Sami Abdul SaterPhD student
Sami currently studies protocols for verifying delegated quantum computations. He holds a degree in computer engineering and has a strong background in data engineering, cryptography, quantum algorithms and quantum information. He is looking to build bridges between these fields to enable customers with limited technology to use powerful quantum computers in the cloud with strong security guarantees such as constraining the server to be honest and blind with the computation (no data/algorithm leaked to the server).
Francesco's research focuses on bridging theory and experiments towards the realization of continuous-variable (CV) quantum information processing (QIP) tasks. His current research interests include engineering multi-mode squeezed states, including non-Gaussian operations, universal computation with CV systems, bosonic error correcting codes and fault tolerance.
Emilie's background is quite atypical as she started her career in banking and insurance companies to manage a portfolio of institutional partners. Six years ago, she went back to studying history and digital humanities. After working for four years at CNRS to coordinate an SHS (Social Sciences and Humanities) European project, she recently joined the QAT team as a project manager to sustain Ulysse Chabaud and the Veriqub project. The project manager ensures a smooth and effective assessment of the administrative and financial aspects of the project, the relations with the European Commission and the respect of the commitments made.
Ulysse's research interests cover various topics related to quantum information theory, such as quantum computing, quantum cryptography and quantum communication. He investigates the necessary resources for quantum advantages and how they translate to foundational questions, in the context of continuous-variable quantum computational models in particular.
Luce, with years of experience in large project design and management, has joined the QuantumTech@Inria program. She will assist in strategic planning of QuantumTech@Inria and coordinate administrative, financial, and communication aspects. By closely collaborating with all Inria teams and administrative offices involved, she will facilitate seamless communication and cooperation, ensuring the efficient execution of the program's objectives.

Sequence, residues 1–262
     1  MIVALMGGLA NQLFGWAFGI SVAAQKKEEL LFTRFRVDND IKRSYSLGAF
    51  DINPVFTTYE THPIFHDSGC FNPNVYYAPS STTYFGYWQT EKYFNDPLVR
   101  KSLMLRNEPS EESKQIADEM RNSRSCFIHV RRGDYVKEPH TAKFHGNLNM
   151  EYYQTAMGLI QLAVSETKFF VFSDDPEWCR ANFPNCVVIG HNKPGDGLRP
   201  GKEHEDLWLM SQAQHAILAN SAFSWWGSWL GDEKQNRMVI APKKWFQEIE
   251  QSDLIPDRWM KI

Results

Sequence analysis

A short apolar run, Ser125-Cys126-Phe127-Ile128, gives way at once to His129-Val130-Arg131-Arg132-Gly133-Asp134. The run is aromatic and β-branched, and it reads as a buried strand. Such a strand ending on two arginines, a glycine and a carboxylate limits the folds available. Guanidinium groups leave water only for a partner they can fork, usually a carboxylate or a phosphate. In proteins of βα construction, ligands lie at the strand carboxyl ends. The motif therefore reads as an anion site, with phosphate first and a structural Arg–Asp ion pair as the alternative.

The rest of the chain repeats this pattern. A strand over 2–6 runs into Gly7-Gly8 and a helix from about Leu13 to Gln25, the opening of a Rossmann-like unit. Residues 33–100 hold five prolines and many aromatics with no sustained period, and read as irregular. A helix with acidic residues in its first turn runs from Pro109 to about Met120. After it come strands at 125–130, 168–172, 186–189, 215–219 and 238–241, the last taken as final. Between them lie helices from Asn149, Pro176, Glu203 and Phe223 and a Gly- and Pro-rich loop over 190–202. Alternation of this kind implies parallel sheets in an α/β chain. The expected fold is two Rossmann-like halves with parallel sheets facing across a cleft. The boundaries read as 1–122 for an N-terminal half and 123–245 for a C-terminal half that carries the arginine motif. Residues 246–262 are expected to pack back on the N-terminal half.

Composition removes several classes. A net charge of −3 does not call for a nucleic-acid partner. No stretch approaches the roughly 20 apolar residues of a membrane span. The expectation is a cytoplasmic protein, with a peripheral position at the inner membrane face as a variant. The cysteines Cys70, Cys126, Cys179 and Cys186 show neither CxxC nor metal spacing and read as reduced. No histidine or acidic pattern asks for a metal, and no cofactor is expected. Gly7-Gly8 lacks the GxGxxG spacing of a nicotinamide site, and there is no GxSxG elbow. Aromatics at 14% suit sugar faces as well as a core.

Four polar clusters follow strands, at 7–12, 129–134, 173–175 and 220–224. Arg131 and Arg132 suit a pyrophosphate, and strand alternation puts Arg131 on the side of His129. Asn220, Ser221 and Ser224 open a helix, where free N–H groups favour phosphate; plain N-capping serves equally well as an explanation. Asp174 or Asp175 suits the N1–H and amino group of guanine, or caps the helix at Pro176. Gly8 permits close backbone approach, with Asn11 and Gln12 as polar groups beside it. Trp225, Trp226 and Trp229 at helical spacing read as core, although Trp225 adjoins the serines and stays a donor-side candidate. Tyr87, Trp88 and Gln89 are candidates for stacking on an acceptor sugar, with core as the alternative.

Jack is currently researching the characterization and applicability of quantum resources within the field of continuous-variable (CV) quantum information. His primary focus centres on the use of phase-space techniques to discern and experimentally identify the essential non-Gaussian resources required to yield a quantum advantage in the context of quantum computation.
Maxime GarnierPostdoc and Tech lead
Maxime has been trained as a theoretical condensed-matter physicist and has now taken interest in several fields of Quantum Information Processing among which delegated quantum computation. He particularly focuses on the simulation of various algorithms and protocols to better understand them and help accelerate their near-term implementations.
Harold's research focus is on building tools and methods for designing more robust applications for quantum computers. More specifically, he is active through 3 broad areas: Verification of delegated quantum computing, Noise estimation and error mitigation, Hardware-optimized quantum algorithms. Harold heads the QAT team and the QuantumTech@INRIA program.
Mathys' current focus is on quantum walk-based algorithms, quantum machine learning and quantum programming. He completed a doctoral research program on quantum foundations and quantum programming under the joint supervision of Professor Sam Staton (Oxford University) and Professor Bart Jacobs (Radboud University Nijmegen). Mathys has a broad interest in the foundations of quantum computing, and the design, verification, optimisation and implementation of quantum software.